5 Tips for Choosing Wine in a Restaurant

dsc_0009Jean-Marie Pratt – pictured here in informal attire – has been the Head Sommelier at Gordon Ramsay’s eponymous three Michelin star restaurant in Chelsea for three years, and is off on 1 February on a sabbatical, working in wineries around the world. Before he flies off, he has these words of advice to customers when choosing wine in a ‘fine dining’ restaurant.

1. Most restaurants have their wine lists online. It is worth having a look in advance if you are the host and won’t have time to read the list while chatting with your guests. Check with the restaurant if this is up to date on the website when making your reservation.

2. If you are four people or more, don’t order four glasses of Champagne by the glass as an aperitif, better to order a bottle. A bottle is equivalent to six glasses and restaurants make more profit on wines served by the glass and especially Champagne. You will also have a wider choice. This also works for wine during the meal, and six people is ideal if you want a different glass of wine for everyone to go with each course (it’s trickier with eight people, unless it’s a sweet wine).

p11204283. Always try to decide at the beginning of the meal how many different wines you will need. This will allow the sommelier to prepare all the wines and to decant if necessary and to check the temperature. If you order your red wine when the main course is in front of you, it is likely that the red will be too cold, if straight from the cellar, and taste too ‘tight’ as it won’t have had time to breathe and open up.

4. Choose your wine according to the time of day – not just on what you are eating or what you normally might pick off a shelf for drinking at home. Go for a lighter wine at lunch – if you have only had breakfast and a cappuccino so far in the day, don’t be hard on your palate by ordering a super fat oaky white or a rich alcoholic red.

5. Don’t hesitate to give your budget to the sommelier. A professional sommelier should not make you spend more than you want – but if they do, then this must be justified by the quality of the wine.

If you have comments or suggestions, we’d like to hear them. I’ll be seeing Jean Marie on Wednesday, 27th January at 9am, so feel free to ask him a question and I’ll put it to him.

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6 thoughts on “5 Tips for Choosing Wine in a Restaurant

  1. Keith Hearnden

    A chance to air a pet hate, followed up by a related question.

    As an experienced wine consumer and enthusiast, I strongly object to the practice in some restaurants of removing the bottle from your table to some distant part of the room, where it is "controlled" by the sommelier (if there is one), the head waiter (if he can be bothered), or any other passing functionary (as the mood takes them). I like to pour out the wine. I can do it when it is needed, not when a restaurant employee happens to notice that we've been dry for the last ten minutes or more. Furthermore, meals provide the perfect situation for conversation to flourish – a rapport and congeniality which is inevitably fractured whenever a waiter approaches the table and asks who would like some more wine.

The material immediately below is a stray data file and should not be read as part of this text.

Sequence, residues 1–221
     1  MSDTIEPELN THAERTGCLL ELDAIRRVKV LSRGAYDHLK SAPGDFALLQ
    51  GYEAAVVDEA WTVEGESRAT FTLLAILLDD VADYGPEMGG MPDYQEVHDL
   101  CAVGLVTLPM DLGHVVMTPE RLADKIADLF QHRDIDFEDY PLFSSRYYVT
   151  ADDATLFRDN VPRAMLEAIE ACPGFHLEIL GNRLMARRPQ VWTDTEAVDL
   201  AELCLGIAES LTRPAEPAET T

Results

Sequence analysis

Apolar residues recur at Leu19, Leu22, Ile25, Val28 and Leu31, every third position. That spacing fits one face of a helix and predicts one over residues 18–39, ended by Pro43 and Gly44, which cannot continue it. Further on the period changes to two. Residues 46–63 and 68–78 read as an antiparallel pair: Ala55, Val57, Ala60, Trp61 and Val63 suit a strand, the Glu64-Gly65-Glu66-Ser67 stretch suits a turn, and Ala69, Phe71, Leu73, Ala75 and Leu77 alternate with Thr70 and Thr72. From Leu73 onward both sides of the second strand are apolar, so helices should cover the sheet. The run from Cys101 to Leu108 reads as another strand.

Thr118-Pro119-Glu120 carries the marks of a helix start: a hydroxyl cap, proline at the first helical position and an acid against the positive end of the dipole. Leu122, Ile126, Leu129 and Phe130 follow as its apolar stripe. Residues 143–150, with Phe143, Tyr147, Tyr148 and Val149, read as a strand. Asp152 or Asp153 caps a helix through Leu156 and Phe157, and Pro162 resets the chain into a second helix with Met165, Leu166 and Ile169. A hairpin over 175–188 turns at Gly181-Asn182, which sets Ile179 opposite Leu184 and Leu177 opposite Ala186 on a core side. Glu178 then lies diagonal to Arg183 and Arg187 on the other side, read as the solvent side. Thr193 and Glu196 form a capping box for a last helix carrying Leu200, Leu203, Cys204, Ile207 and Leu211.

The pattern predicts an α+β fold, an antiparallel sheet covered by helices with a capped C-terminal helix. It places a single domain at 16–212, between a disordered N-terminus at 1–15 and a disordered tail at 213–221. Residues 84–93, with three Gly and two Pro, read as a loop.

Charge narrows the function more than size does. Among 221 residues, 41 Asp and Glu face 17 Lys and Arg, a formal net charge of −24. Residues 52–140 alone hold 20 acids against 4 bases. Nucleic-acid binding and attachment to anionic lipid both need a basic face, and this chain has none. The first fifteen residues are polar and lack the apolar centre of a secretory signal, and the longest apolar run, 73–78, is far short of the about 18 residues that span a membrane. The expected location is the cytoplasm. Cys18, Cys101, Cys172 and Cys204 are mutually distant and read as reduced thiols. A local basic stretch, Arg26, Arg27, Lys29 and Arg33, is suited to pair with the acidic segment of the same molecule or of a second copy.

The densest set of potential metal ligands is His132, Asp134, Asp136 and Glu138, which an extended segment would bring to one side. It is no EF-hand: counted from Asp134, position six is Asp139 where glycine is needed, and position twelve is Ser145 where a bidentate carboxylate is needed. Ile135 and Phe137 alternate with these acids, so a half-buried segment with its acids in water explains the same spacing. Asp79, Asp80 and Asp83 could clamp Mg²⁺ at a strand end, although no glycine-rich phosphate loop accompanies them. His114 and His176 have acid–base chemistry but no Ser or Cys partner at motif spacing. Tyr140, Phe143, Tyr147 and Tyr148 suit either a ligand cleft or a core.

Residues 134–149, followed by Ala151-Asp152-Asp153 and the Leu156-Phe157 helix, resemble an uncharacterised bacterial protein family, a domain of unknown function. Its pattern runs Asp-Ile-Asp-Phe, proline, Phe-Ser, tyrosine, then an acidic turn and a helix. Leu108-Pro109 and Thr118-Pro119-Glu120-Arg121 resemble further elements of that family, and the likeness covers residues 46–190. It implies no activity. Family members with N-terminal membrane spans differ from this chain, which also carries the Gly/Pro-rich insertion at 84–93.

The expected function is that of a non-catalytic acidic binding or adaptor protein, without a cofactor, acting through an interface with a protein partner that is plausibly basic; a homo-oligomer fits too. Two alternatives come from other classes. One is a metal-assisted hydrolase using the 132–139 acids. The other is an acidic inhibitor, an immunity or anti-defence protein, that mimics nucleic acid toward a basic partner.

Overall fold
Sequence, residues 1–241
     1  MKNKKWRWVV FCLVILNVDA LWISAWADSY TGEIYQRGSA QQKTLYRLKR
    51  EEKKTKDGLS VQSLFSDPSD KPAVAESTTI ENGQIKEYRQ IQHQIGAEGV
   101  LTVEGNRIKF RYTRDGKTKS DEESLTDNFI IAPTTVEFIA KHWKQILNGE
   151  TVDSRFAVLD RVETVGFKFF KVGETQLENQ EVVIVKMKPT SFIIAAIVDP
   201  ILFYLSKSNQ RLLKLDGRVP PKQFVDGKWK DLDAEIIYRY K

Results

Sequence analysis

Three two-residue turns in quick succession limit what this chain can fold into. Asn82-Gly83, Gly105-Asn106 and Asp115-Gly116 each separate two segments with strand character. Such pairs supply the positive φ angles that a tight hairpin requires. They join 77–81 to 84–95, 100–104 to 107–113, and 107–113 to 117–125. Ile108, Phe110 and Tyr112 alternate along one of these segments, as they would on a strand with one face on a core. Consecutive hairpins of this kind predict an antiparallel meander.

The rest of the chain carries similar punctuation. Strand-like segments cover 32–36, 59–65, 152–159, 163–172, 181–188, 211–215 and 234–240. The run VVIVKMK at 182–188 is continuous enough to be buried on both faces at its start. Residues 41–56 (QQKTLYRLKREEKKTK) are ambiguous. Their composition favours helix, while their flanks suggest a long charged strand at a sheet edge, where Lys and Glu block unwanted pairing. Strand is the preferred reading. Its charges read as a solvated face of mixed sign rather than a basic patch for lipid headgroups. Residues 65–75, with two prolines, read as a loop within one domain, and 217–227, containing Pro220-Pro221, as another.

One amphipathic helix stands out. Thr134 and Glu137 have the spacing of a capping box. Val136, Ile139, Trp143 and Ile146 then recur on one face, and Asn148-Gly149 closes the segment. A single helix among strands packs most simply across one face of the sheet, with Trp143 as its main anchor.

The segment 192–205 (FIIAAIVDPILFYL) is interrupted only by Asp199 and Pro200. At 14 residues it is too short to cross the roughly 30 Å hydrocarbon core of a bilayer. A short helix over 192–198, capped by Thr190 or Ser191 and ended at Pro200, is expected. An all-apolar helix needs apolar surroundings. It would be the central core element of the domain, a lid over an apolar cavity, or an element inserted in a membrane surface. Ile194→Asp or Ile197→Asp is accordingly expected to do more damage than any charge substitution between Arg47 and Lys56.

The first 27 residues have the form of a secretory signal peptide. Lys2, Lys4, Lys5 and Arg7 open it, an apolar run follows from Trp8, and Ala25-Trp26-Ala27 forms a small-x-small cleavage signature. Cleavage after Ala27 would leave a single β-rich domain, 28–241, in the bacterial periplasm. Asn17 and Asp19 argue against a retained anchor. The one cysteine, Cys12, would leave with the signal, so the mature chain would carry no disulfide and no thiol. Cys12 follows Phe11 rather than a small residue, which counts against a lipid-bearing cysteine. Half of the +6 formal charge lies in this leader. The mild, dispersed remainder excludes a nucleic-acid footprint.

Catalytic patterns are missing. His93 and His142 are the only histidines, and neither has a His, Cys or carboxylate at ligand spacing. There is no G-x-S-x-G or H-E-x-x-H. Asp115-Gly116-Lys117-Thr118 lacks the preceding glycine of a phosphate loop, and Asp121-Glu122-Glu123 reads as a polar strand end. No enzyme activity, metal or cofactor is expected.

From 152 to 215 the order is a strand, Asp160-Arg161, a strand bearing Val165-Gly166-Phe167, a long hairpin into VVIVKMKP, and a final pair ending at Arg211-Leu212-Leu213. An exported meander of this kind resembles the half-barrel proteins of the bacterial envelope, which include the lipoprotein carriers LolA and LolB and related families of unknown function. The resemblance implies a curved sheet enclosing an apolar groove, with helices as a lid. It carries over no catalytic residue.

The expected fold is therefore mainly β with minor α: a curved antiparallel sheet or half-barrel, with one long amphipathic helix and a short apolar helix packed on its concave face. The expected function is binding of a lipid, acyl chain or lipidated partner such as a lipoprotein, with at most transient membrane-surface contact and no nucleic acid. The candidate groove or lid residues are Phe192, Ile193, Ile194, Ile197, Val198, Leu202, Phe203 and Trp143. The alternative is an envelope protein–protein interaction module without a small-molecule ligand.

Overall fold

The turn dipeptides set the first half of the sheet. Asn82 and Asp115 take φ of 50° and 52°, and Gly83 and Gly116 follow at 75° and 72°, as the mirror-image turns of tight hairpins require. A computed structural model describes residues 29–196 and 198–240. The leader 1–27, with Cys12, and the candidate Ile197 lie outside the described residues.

So, my request to ALL restaurants is, please don't do this, unless the customer has specifically asked for it. And the associated question is, why do some restaurants want to do this in the first case?

  2. Neville Austin

    2 million percent agree with Keith Hearnden above about waiters and control of the bottle in restaurants. Nastiest most arrogant experience I ever had of this was at the Waterside at Bray – no tip for anyone.

  3. Gavin

    Keith and Neville

    I've asked Jean-Marie for his views on your remarks.

    By the way, in case you were wondering, Ronan's comment "He’s quite good, where did you find him?" is a private joke. It was he that brought Jean-Marie to restaurant Gordon Ramsay as sommelier, before he himself departed on a world tour.

  4. Jean-Marie Pratt

    Sorry to Neville Austin to hear about your bad experience at the Waterside Inn.

    As regards to what Keith Hearnden is saying, if you want to pour your wine by yourself, that's not a problem, just ask for it when you are having dinner in a restaurant. And if the Sommelier is in control of your bottle, it is because it's his job to serve your wine and top-up the glasses when needed. The bottle should always stay somewhere close to your table where you can see it. A professional Sommelier or waiter should do a precise and discreet service without the guest being 'dry for the last ten minutes or more' and without being intrusive and interrupting conversation. I am sorry if you are not experiencing a such service in the places you go out. I can assure you that you would not have such an experience as you describe it at Restaurant Gordon Ramsay in Chelsea.

  5. Keith Hearnden

    I know it's a long time between comments. However, I fear Jean-Marie lives in an ideal world that he and few others inhabit. My comments were actually inspired by a pretentious restaurant within commuting distance of Oxford: but I have also had similar experiences in Michelin starred restaurants in France.

    As for the Oxfordshire restaurant, our table asked two junior staff for the bottle to be left, but were told "It is (hotel) policy to remove it". We insisted that we should talk to the Head Waiter, who eventually arrived 10 minutes later. We repeated our request, the hotel policy was re-stated, so we had to resort to a forceful assertiveness to change his mind – which was eventually achieved, accompanied by an even more forceful 'placing' of the wine on our table.

    Not only did we later insist that the hotel's automatic addition of a 15% service charge for the meal was removed, but also that which had been applied for our accommodation – accompanied by a full explanation of the reason.